Take us through the activities of an average day at work.

There is a lot of planning that takes place before the material day, which includes getting in touch with the client, discussing the menu they wish to have for their event, the number of people to cater for (pax) and agreeing on the working budget.

Some clients will opt to shop for food and hire us for the labour, others will just leave us to do everything -- it depends on clients’ preferences.

Once we agree with the client, we set about to get everything ready before the material day. The idea of outside catering is to make hosting as convenient as possible so we bring our own utensils along with the food.

On the day before the event we pack all the utensils, draping and anything else needed to serve the food. Then on the material day, we prepare the food as per the menu agreed upon and deliver it to the client.

We are available to serve the food and also clean up after the event, but this again depends on the client’s wishes.

Do you have a signature dish?

Yes, just like any other caterer worth their salt. Our mandazis and our Maryland chicken dish have earned us generous referrals. The recipe for these two is, of course, a zealously guarded secret.

Secret recipe aside, what else do you think keeps you on top of your game?

Giving each catering event my all. For me, it is such an honour to have someone trust you with the responsibility of providing food at their event. I mean, food is the pulse of any social gathering and a good caterer should keep that pulse throbbing right?

Also, my mother and I are women of great faith. We believe that God has granted us favour, which in turn continues to pen up more opportunities for us.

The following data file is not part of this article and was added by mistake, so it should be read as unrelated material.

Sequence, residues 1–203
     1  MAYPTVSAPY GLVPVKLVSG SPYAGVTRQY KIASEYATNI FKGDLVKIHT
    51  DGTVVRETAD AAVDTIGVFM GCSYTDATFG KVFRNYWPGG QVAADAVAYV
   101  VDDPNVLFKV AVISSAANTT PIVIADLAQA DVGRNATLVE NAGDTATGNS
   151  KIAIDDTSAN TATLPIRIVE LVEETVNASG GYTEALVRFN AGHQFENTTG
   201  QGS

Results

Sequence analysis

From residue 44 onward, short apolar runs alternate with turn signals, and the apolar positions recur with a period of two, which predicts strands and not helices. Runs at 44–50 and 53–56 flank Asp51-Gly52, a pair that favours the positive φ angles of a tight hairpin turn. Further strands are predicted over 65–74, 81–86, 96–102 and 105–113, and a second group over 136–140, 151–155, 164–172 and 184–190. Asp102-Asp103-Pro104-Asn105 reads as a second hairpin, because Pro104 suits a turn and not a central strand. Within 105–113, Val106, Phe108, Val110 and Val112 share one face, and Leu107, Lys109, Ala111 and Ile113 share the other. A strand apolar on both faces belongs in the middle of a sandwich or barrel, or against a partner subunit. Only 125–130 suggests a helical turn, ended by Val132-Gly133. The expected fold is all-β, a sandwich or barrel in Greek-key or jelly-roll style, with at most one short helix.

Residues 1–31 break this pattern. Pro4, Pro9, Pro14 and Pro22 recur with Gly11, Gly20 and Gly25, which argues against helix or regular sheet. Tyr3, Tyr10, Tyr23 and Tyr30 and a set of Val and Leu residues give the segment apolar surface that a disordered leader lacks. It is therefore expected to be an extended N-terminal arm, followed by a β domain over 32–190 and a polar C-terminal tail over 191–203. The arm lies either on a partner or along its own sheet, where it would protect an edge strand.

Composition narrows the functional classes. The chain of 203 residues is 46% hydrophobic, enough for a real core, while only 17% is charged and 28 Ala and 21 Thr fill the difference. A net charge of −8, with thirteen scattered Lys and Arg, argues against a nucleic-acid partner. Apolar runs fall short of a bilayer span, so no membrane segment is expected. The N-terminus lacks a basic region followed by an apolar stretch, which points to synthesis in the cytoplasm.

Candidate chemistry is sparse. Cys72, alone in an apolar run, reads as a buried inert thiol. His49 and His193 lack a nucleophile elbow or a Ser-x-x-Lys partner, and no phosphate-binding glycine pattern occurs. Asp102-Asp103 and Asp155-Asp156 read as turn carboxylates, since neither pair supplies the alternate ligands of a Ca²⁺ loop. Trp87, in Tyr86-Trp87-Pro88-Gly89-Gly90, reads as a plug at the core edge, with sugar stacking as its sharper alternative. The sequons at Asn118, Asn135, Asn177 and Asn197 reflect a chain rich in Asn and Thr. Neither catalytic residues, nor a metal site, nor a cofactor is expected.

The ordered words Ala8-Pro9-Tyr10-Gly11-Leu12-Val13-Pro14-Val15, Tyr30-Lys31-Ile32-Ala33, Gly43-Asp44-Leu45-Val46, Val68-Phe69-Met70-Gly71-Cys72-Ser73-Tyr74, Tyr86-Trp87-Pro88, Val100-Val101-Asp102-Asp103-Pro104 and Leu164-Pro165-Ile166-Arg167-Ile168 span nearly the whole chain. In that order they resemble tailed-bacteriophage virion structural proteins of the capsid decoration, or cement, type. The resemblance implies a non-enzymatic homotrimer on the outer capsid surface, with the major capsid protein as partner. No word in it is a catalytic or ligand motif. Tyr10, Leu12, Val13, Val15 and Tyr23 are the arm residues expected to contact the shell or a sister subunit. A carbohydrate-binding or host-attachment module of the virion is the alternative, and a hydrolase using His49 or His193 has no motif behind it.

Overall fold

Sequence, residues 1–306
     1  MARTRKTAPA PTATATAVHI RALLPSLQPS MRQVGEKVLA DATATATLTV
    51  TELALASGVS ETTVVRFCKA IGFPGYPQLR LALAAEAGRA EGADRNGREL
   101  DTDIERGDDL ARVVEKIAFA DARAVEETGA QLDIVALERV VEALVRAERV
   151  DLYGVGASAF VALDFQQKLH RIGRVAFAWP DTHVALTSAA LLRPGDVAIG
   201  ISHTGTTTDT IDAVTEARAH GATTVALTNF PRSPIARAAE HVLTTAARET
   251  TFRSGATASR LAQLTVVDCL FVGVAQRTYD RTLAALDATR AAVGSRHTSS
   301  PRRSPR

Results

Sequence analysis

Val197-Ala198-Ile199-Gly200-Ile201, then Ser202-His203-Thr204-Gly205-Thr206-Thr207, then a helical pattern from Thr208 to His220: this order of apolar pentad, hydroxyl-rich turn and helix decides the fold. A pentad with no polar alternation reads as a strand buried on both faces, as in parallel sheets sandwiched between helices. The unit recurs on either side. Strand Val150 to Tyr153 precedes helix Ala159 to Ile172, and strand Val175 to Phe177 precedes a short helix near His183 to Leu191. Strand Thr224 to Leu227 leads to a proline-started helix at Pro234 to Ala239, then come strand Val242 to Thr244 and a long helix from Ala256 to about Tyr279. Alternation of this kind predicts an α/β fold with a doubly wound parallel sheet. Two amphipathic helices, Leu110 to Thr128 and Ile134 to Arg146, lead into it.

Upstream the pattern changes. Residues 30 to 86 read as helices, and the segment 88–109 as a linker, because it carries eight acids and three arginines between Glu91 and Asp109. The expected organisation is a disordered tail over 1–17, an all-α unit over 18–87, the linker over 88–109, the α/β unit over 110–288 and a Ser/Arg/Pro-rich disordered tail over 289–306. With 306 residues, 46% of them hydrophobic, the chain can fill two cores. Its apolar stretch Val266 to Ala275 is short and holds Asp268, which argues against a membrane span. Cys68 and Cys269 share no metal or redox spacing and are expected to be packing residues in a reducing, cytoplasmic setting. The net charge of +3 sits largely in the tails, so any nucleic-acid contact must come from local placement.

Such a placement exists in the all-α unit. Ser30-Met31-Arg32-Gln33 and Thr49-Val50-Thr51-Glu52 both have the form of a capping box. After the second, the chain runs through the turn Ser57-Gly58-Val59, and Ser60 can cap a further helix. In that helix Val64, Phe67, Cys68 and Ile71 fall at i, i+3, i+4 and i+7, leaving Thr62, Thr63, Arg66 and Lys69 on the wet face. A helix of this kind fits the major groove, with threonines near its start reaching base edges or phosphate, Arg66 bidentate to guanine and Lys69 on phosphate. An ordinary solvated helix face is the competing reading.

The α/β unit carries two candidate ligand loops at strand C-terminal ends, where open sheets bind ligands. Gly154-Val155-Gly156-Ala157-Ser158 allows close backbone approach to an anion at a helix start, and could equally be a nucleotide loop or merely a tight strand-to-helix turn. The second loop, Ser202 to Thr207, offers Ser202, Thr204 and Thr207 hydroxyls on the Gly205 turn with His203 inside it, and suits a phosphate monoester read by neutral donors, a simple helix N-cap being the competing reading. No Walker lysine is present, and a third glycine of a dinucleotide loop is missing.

Share with us the vision for your enterprise.

For now, I want to cook more -- new recipes, new markets and so forth -- and also learn much more from more experienced caterers.

At a time like this next year, I wish to see Dee’s Dishes catering for diverse markets including corporate conferences and executive parties. I also wish to have a more diversified menu, including Moroccan and Italian cuisines. Who knows, perhaps I’ll be grilling snails in a Chinese tea party very soon.

What’s the greatest lesson you have learnt so far?

Dreams are personal and you have to believe in yourself before others can believe in you. I always remind myself how much I love to cook and how good I am at it so that I never stop believing in myself.

Surround yourself with the right team. If it were not for my mother, this company would be only but a dream. She is the financier, manager, mtu wa mkono...she does it all and tops it up with passionate commitment and love for the venture.

My best friend Gerald believed in this company way before it was established. When my ideas are all fuzzy, he helps shape them into actionable points.

A word of encouragement for aspiring entrepreneurs?

There will never be a perfect day, time or age to start, you just have to start and watch God reward your faith.